Tuesday, January 15, 2019

Special Luncheon on Siesta Key

We have today celebrated the 3-month anniversary of our arrival on Longboat Key on October 15th last. It was just over a year ago that I first gleefully shared with our vagabond friend that we planned to follow his good example by descending the latitudes from further north along the Atlantic Ocean to Longboat Key, a barrier island nearby his abiding haunt on Siesta Key on the Gulf of Mexico.  We took the short drive today to his beachfront digs for a congenial gathering and what turned out to be (as fully expected) a singular luncheon and uplifting chin wag.

Like other barrier islands in this area Siesta Key (at least as a modern destination) is a relatively recent addition to the American history books.

From the 1800s and early 1900s, Siesta Key was known by a variety of names, including “Little Sarasota Key” and “Sarasota Key.” The first attempts to develop the key was by the Siesta Land Company in 1907 consisting of Harry Higel, Captain Louis Roberts, and E.M. Arbogast. The company platted the northern end of the key as "Siesta on the Gulf" as well as dredged bayous and built docks. The only access to Siesta Key was by boat or ferry until the first bridge connecting it to the mainland was completed in 1917. The bridge was later replaced in 1927 along with an addition of a second bridge located on the southern end of the key. The entire key was officially recognized as "Siesta Key" by 1952.

When I casually shared with a local acquaintance here that we planned to rally with a friend for lunch on Siesta Key she immediately expressed her approbation. Siesta Key has a varied reputation, including magnificent beaches (twice named the nation's best), many resources for a fine meal and  a delightful collection of enviable residences. During our last visit there with our friend a month ago he introduced us to the charming architecture along Midnight Pass Road adjoining the Gulf of Mexico. The island is only 8-miles long but it is packed with endless attractions and amenities for both lifetime residents and transient visitors.

As much as we delight in the environment of the barrier islands (a distinction and benefit about which it is all too easy to become complacent), the entrancement today was strictly domestic. The scintillating conversation buoyed us throughout our sojourn.  But what propelled us unmistakably was the culinary talent of our host. Although he is not aligned professionally with this particular artistic facility, cooking is something he has succeeded to elevate to an enviable level.  My introduction to his skill was some thirty years ago when I witnessed his cooperative effort with a Greek visitor (now sadly no longer whinnying among us) of equal culinary ability. The production this afternoon epitomized our host's worldly knowledge of food, the ability to present a variety of concoctions with a refinement and delicacy of flavour, while at the same time capitalizing upon the much under-rated adroitness of simplicity. If the adage that smell is the muster of taste were ever in question, I am ready to advance its plausibility! To this very hour - even as I write - the recollection lingers!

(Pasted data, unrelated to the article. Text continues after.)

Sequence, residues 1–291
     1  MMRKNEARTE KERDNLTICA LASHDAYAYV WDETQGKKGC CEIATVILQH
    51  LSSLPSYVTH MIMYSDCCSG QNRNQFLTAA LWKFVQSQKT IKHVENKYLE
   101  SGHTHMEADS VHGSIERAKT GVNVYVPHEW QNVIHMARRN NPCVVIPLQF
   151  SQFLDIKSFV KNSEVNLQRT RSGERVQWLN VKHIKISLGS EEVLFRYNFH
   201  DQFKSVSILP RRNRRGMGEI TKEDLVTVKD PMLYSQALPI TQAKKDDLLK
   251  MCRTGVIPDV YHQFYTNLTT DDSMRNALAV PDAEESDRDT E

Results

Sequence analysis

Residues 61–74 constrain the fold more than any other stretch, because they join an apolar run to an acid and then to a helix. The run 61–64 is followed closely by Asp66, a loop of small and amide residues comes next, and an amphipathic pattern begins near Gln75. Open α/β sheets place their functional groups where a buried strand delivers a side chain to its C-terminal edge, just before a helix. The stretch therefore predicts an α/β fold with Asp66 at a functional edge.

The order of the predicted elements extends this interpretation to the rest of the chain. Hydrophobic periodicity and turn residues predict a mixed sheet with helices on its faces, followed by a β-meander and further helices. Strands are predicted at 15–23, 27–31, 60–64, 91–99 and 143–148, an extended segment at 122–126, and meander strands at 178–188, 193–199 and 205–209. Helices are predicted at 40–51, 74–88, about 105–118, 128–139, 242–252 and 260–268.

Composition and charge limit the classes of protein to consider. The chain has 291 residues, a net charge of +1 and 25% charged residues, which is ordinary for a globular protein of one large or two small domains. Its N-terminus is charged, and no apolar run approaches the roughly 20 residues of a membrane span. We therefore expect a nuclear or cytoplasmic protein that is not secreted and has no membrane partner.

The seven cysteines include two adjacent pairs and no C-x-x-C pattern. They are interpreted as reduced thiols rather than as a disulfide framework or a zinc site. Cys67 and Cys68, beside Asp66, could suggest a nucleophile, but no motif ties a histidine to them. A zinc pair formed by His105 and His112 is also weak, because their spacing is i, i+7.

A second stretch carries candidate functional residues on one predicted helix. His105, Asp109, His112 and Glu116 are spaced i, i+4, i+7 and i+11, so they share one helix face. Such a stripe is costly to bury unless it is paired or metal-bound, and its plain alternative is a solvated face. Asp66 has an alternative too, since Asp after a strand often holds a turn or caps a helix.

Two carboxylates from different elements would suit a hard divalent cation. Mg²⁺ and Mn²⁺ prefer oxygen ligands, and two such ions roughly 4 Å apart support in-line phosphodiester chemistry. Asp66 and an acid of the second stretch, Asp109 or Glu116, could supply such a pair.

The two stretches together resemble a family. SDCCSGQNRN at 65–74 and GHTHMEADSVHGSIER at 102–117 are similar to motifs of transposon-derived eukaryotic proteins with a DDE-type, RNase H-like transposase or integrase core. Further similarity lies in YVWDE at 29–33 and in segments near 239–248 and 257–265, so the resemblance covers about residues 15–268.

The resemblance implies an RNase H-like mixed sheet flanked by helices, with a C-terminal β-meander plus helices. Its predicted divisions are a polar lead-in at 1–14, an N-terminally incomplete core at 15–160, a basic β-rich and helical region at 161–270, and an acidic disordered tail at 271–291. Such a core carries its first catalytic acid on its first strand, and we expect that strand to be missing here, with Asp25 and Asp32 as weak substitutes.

Our social meanderings over lunch (while perched above the white sandy beach and turquoise sea) took us from discussions of children and marriage to vintage automobiles to estate administration and the exigencies of age and evolution. We entertained the allure of certain retail outlets; explored the burdens of real estate ownership; quipped about the destiny of American politics; and conceded by unanimous agreement that we haven't anything about which to complain.

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